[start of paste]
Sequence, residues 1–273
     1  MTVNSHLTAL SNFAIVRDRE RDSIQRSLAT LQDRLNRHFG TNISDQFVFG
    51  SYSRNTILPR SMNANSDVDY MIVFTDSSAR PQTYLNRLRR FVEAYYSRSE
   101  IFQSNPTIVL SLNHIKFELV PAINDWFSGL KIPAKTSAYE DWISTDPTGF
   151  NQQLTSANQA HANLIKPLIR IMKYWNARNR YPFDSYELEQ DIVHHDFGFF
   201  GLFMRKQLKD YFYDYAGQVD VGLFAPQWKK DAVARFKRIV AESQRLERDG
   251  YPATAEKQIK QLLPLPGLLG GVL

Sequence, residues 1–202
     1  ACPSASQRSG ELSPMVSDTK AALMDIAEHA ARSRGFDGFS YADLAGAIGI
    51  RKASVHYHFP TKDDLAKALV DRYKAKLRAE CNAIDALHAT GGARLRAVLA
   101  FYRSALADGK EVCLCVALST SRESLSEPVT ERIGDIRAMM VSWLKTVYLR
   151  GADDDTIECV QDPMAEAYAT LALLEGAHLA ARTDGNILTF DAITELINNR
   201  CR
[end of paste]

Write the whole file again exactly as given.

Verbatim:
Sequence, residues 1–273
     1  MTVNSHLTAL SNFAIVRDRE RDSIQRSLAT LQDRLNRHFG TNISDQFVFG
    51  SYSRNTILPR SMNANSDVDY MIVFTDSSAR PQTYLNRLRR FVEAYYSRSE
   101  IFQSNPTIVL SLNHIKFELV PAINDWFSGL KIPAKTSAYE DWISTDPTGF
   151  NQQLTSANQA HANLIKPLIR IMKYWNARNR YPFDSYELEQ DIVHHDFGFF
   201  GLFMRKQLKD YFYDYAGQVD VGLFAPQWKK DAVARFKRIV AESQRLERDG
   251  YPATAEKQIK QLLPLPGLLG GVL

Sequence, residues 1–202
     1  ACPSASQRSG ELSPMVSDTK AALMDIAEHA ARSRGFDGFS YADLAGAIGI
    51  RKASVHYHFP TKDDLAKALV DRYKAKLRAE CNAIDALHAT GGARLRAVLA
   101  FYRSALADGK EVCLCVALST SRESLSEPVT ERIGDIRAMM VSWLKTVYLR
   151  GADDDTIECV QDPMAEAYAT LALLEGAHLA ARTDGNILTF DAITELINNR
   201  CR